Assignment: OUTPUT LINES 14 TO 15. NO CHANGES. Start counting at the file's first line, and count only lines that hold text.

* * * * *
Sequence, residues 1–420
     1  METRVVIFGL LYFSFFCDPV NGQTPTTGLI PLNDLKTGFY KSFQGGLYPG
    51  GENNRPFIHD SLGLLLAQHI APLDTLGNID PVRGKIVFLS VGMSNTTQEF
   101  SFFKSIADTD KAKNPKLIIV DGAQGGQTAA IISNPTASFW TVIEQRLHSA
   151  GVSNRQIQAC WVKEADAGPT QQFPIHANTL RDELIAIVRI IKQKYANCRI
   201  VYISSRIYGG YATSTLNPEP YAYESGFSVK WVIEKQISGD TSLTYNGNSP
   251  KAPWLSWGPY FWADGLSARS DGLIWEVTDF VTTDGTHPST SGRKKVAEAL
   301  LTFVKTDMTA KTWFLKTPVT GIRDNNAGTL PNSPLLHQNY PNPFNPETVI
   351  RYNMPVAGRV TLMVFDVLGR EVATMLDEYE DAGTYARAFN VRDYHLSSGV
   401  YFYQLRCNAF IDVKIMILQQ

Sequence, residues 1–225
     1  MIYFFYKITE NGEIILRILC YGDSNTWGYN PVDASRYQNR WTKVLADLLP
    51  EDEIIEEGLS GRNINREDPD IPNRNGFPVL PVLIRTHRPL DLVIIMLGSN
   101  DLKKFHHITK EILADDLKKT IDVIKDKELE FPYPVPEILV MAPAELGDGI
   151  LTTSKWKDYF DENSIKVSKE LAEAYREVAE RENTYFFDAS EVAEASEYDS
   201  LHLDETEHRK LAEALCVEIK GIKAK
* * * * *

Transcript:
   101  DLKKFHHITK EILADDLKKT IDVIKDKELE FPYPVPEILV MAPAELGDGI
   151  LTTSKWKDYF DENSIKVSKE LAEAYREVAE RENTYFFDAS EVAEASEYDS